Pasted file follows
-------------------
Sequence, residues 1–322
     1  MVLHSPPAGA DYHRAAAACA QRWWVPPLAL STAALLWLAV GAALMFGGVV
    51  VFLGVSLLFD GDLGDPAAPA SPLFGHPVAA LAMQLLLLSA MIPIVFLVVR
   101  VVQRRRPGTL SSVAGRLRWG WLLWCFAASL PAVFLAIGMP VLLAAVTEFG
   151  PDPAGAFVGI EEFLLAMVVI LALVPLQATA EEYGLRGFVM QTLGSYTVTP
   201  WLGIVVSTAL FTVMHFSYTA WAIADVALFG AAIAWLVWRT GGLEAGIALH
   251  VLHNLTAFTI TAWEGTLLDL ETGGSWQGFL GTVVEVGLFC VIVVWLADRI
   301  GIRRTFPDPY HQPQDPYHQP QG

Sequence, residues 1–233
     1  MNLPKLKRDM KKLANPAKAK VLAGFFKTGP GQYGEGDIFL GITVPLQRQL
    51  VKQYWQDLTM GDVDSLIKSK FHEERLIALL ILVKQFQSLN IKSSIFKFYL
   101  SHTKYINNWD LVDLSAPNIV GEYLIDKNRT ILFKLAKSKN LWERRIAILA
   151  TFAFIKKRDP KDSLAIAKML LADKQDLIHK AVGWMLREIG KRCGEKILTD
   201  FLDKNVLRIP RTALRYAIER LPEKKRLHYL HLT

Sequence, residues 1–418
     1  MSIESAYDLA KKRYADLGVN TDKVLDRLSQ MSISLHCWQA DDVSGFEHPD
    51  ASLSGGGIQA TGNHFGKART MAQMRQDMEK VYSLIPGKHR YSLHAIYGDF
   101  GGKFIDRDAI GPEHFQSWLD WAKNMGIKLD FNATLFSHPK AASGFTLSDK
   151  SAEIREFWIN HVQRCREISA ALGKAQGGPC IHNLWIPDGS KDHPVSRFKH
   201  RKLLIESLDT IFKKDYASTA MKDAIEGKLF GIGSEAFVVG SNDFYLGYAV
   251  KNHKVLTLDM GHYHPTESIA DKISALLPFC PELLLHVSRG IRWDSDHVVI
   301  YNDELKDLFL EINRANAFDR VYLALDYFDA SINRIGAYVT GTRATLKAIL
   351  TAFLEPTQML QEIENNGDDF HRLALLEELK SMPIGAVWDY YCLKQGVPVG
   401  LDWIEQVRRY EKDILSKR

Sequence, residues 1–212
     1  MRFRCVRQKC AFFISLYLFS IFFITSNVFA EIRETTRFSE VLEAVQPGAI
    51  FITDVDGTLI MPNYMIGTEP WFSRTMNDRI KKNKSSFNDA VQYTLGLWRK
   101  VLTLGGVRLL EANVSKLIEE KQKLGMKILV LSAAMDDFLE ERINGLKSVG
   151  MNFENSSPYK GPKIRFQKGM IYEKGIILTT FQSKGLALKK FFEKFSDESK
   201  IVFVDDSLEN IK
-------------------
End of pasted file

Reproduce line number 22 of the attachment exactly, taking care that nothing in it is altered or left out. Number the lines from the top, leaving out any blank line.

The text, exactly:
   301  YNDELKDLFL EINRANAFDR VYLALDYFDA SINRIGAYVT GTRATLKAIL